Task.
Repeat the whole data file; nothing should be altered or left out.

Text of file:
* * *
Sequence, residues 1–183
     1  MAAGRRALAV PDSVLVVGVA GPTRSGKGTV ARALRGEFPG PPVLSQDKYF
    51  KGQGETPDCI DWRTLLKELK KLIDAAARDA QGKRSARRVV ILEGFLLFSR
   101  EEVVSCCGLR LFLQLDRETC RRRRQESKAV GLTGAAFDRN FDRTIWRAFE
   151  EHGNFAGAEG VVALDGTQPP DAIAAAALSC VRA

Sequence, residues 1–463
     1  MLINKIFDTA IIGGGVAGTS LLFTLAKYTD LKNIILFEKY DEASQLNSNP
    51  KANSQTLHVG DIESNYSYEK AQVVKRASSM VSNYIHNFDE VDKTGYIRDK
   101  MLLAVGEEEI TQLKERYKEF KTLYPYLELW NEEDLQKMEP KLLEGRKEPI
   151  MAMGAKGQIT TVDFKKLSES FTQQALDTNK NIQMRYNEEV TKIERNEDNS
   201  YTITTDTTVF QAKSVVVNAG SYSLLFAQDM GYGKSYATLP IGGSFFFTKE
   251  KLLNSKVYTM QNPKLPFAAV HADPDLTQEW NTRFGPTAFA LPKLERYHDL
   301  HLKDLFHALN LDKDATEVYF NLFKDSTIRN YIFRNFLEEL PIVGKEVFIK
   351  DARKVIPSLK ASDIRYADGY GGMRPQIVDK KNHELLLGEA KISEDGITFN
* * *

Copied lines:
Sequence, residues 1–183
     1  MAAGRRALAV PDSVLVVGVA GPTRSGKGTV ARALRGEFPG PPVLSQDKYF
    51  KGQGETPDCI DWRTLLKELK KLIDAAARDA QGKRSARRVV ILEGFLLFSR
   101  EEVVSCCGLR LFLQLDRETC RRRRQESKAV GLTGAAFDRN FDRTIWRAFE
   151  EHGNFAGAEG VVALDGTQPP DAIAAAALSC VRA

Sequence, residues 1–463
     1  MLINKIFDTA IIGGGVAGTS LLFTLAKYTD LKNIILFEKY DEASQLNSNP
    51  KANSQTLHVG DIESNYSYEK AQVVKRASSM VSNYIHNFDE VDKTGYIRDK
   101  MLLAVGEEEI TQLKERYKEF KTLYPYLELW NEEDLQKMEP KLLEGRKEPI
   151  MAMGAKGQIT TVDFKKLSES FTQQALDTNK NIQMRYNEEV TKIERNEDNS
   201  YTITTDTTVF QAKSVVVNAG SYSLLFAQDM GYGKSYATLP IGGSFFFTKE
   251  KLLNSKVYTM QNPKLPFAAV HADPDLTQEW NTRFGPTAFA LPKLERYHDL
   301  HLKDLFHALN LDKDATEVYF NLFKDSTIRN YIFRNFLEEL PIVGKEVFIK
   351  DARKVIPSLK ASDIRYADGY GGMRPQIVDK KNHELLLGEA KISEDGITFN